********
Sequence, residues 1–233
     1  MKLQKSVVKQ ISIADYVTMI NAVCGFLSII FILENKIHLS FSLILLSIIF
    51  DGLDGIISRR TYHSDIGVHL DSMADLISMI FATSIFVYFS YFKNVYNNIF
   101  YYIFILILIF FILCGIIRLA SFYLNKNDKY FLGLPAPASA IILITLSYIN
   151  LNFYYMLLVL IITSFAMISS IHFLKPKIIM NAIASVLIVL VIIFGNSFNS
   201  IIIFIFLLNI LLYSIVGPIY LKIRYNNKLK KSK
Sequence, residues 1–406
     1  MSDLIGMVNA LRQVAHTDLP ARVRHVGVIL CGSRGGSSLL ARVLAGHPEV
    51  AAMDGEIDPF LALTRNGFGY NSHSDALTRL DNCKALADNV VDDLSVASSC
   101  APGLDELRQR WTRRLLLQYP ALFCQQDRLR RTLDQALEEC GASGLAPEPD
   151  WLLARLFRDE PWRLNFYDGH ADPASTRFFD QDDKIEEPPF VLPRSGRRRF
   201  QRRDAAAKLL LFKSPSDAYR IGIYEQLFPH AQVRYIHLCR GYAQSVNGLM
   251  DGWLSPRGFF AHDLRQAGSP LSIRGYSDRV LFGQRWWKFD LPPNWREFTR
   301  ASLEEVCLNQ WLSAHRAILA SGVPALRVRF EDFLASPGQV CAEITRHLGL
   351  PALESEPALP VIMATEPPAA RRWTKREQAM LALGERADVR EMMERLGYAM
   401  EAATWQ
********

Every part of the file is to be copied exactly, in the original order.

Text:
Sequence, residues 1–233
     1  MKLQKSVVKQ ISIADYVTMI NAVCGFLSII FILENKIHLS FSLILLSIIF
    51  DGLDGIISRR TYHSDIGVHL DSMADLISMI FATSIFVYFS YFKNVYNNIF
   101  YYIFILILIF FILCGIIRLA SFYLNKNDKY FLGLPAPASA IILITLSYIN
   151  LNFYYMLLVL IITSFAMISS IHFLKPKIIM NAIASVLIVL VIIFGNSFNS
   201  IIIFIFLLNI LLYSIVGPIY LKIRYNNKLK KSK
Sequence, residues 1–406
     1  MSDLIGMVNA LRQVAHTDLP ARVRHVGVIL CGSRGGSSLL ARVLAGHPEV
    51  AAMDGEIDPF LALTRNGFGY NSHSDALTRL DNCKALADNV VDDLSVASSC
   101  APGLDELRQR WTRRLLLQYP ALFCQQDRLR RTLDQALEEC GASGLAPEPD
   151  WLLARLFRDE PWRLNFYDGH ADPASTRFFD QDDKIEEPPF VLPRSGRRRF
   201  QRRDAAAKLL LFKSPSDAYR IGIYEQLFPH AQVRYIHLCR GYAQSVNGLM
   251  DGWLSPRGFF AHDLRQAGSP LSIRGYSDRV LFGQRWWKFD LPPNWREFTR
   301  ASLEEVCLNQ WLSAHRAILA SGVPALRVRF EDFLASPGQV CAEITRHLGL
   351  PALESEPALP VIMATEPPAA RRWTKREQAM LALGERADVR EMMERLGYAM
   401  EAATWQ